Speaking from the heart, then, here are Harrison's thoughts, recounted for us, as he intercepted Kurt Warner's pass and ran with it. He already has acknowledged he was supposed to blitz on that play but saw something and hung back.

"After I picked it off, I didn't see anybody in front of me, I thought I had a clean touchdown. I'm like, 'I'm about to go.' All of a sudden there's a sea of white jerseys and then I saw a bunch of red jerseys and I said, 'Oh my goodness.' "

He needed some help and got it with blocks by quick-reacting teammates Deshea Townsend, Ike Taylor and LaMarr Woodley, among others.

"After Deshea blocked Kurt Warner I said, 'OK, I'm good.' He blocks him, then I got a bump from behind, I guess that was Ike hitting someone, I don't know who it was. Then somebody came from the side, a lineman or something. Then there was a running back [Woodley] knocked down, then another lineman after [Woodley] knocked him down, then a receiver. Like I said, I never saw Larry Fitzgerald until he actually hit me."

That occurred as he approached the end zone and wound up rolling onto Fitzgerald for the touchdown. Had he been short, the half would have ended without a chance at kicking a field goal. As with Franco Harris' Immaculate Reception, he might have had time to run out of bounds and given his team a shot at three points rather than gamble it all on the end zone or nothing.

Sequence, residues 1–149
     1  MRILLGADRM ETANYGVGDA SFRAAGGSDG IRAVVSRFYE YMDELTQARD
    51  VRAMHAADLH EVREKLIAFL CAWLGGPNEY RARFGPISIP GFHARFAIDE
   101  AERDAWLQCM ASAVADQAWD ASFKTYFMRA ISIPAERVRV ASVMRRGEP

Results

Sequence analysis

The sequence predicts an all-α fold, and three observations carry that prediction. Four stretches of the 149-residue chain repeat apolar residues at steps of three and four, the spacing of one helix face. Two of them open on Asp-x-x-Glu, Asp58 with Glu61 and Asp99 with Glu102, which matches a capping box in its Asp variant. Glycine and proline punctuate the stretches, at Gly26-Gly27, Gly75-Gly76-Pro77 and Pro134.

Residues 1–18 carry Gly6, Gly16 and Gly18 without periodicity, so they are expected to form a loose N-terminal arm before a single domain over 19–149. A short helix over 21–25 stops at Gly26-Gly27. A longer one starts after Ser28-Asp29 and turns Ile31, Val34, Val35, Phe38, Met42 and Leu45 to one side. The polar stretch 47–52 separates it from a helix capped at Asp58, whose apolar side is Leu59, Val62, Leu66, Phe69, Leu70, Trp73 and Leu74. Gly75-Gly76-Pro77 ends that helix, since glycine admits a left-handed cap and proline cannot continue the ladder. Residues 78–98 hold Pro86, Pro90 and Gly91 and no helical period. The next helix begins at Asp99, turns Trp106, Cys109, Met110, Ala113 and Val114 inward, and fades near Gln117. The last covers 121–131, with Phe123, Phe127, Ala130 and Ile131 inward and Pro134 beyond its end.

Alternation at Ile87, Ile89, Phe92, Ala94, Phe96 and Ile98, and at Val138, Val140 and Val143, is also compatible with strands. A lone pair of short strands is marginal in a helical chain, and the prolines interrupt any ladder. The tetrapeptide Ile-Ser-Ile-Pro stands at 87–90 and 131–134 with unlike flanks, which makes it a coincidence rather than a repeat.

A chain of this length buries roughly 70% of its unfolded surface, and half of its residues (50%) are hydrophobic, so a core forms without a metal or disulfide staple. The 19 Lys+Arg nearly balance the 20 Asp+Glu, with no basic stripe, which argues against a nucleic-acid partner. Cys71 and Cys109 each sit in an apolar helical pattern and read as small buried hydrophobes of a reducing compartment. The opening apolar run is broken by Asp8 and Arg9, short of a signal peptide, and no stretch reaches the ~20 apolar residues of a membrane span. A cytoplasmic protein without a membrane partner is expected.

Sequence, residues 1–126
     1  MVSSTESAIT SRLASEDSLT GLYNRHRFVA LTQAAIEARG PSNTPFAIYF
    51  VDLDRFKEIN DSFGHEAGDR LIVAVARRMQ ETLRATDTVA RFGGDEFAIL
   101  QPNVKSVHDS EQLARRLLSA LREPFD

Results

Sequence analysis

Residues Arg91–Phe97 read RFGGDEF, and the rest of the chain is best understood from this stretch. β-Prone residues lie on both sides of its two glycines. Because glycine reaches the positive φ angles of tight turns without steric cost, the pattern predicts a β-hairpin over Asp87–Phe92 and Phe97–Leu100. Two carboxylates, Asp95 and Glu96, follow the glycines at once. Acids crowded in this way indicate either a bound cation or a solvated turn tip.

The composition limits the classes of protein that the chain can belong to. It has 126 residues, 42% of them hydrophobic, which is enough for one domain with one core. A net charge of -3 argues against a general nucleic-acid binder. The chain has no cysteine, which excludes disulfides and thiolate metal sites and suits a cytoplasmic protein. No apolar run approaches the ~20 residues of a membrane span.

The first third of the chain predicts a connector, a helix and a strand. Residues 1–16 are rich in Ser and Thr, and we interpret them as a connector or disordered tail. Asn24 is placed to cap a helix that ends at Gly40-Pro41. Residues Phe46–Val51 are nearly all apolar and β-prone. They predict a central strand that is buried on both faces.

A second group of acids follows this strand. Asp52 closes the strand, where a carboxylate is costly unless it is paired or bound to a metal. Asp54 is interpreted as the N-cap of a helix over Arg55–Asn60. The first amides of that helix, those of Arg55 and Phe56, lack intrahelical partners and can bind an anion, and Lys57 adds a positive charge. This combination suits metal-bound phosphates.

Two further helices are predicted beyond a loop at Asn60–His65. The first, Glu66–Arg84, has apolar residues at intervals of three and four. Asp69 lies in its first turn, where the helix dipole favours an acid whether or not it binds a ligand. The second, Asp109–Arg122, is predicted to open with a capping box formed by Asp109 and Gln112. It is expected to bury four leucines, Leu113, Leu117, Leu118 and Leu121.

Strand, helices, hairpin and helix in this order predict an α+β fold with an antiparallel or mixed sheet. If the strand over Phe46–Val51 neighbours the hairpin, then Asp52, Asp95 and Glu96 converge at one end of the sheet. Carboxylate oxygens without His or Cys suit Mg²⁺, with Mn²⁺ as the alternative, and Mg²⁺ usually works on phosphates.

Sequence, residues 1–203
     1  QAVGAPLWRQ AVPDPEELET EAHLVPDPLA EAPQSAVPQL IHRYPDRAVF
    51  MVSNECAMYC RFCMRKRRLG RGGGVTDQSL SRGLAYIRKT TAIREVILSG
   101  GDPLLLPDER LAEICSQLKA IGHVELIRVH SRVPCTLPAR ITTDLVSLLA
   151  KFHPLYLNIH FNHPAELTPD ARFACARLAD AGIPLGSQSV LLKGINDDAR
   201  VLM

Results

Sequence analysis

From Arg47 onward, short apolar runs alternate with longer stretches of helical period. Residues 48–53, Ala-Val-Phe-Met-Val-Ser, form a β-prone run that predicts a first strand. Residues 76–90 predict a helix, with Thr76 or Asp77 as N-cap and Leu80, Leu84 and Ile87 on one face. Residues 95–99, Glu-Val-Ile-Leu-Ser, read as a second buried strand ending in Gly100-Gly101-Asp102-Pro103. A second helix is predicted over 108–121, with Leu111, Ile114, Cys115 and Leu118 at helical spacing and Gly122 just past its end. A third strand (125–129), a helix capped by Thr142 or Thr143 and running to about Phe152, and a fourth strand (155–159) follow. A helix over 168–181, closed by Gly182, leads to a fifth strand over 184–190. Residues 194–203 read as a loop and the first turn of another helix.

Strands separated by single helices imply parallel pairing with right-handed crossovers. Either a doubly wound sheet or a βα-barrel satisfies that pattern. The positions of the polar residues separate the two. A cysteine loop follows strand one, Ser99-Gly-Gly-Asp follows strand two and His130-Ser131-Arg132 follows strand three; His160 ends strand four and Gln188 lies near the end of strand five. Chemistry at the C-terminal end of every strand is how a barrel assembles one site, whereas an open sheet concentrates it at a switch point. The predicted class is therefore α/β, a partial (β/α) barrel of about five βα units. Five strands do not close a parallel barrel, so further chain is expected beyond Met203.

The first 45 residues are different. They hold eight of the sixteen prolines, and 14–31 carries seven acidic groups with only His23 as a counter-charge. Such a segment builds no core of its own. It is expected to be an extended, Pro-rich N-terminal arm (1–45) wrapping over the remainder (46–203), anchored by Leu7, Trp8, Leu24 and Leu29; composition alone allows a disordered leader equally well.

"I'm not even thinking about running out of bounds," Harrison said. "I figured there was not enough time left, that was my whole reason for dropping back because they had to either throw a quick in or out into the end zone because they could not afford to get caught in bounds; they had no timeouts left."

Had it not been for Fitzgerald's late scores and Santonio Holmes' winning touchdown catch, Harrison might have added Super Bowl MVP to his late-blooming resume. No matter. He's happy with what he has, but in no way content. He's as determined to show he's not a fluke as much as he was determined to make it in the first place.

"He's more motivated to prove his critics wrong, that he might be a one-year wonder," said friend and safety Tyrone Carter. "He's always been motivated, but this will give him an extra edge as well because you know he's going to have naysayers: 'He had one good year, what's he going to do once he got money?' "

Harrison, who was back working out at the Steelers' facility days after they won Super Bowl XLIII, will tell you what he's going to do, or at least plans to do.

"I believe anything can be topped. That's why they make records. How do I do that? I come in and train and get better in every area, learning defense, what my position is as far as where I'm supposed to be on certain defenses to better help myself and my teammates. It may not be me getting better numbers, it may be me being in better position to help other people."

Just as long as those people are his teammates, or the kids he serves through the Beaver County YMCA without fanfare. The rest? Please leave him alone, even if you come carrying gifts. Harrison does not want gifts and he certainly does not want to have to talk to anyone to get them.

Anatomy of history

Steelers linebacker James Harrison completes the longest play in Super Bowl history after intercepting Cardinals quarterback Kurt Warner in the Steelers end zone and returning the ball 100 yards for the touchdown at the end of the first half Feb. 1 in Tampa, Fla. "I'm not even thinking about running out of bounds," Harrison said.

Read more: http://www.post-gazette.com/pg/09252/99 ... z0QeeGFxOI (http://www.post-gazette.com/pg/09252/996496-66.stm#ixzz0QeeGFxOI)

Discipline of Steel
09-09-2009, 07:34 PM
My modern day Steeler hero!

09-09-2009, 08:33 PM
in a day of 'me-first' athletes (CJ) and over-exposed athletes (all things manning) it's refreshing to see a hard nosed guy who shuts up and lives by DYFJ.....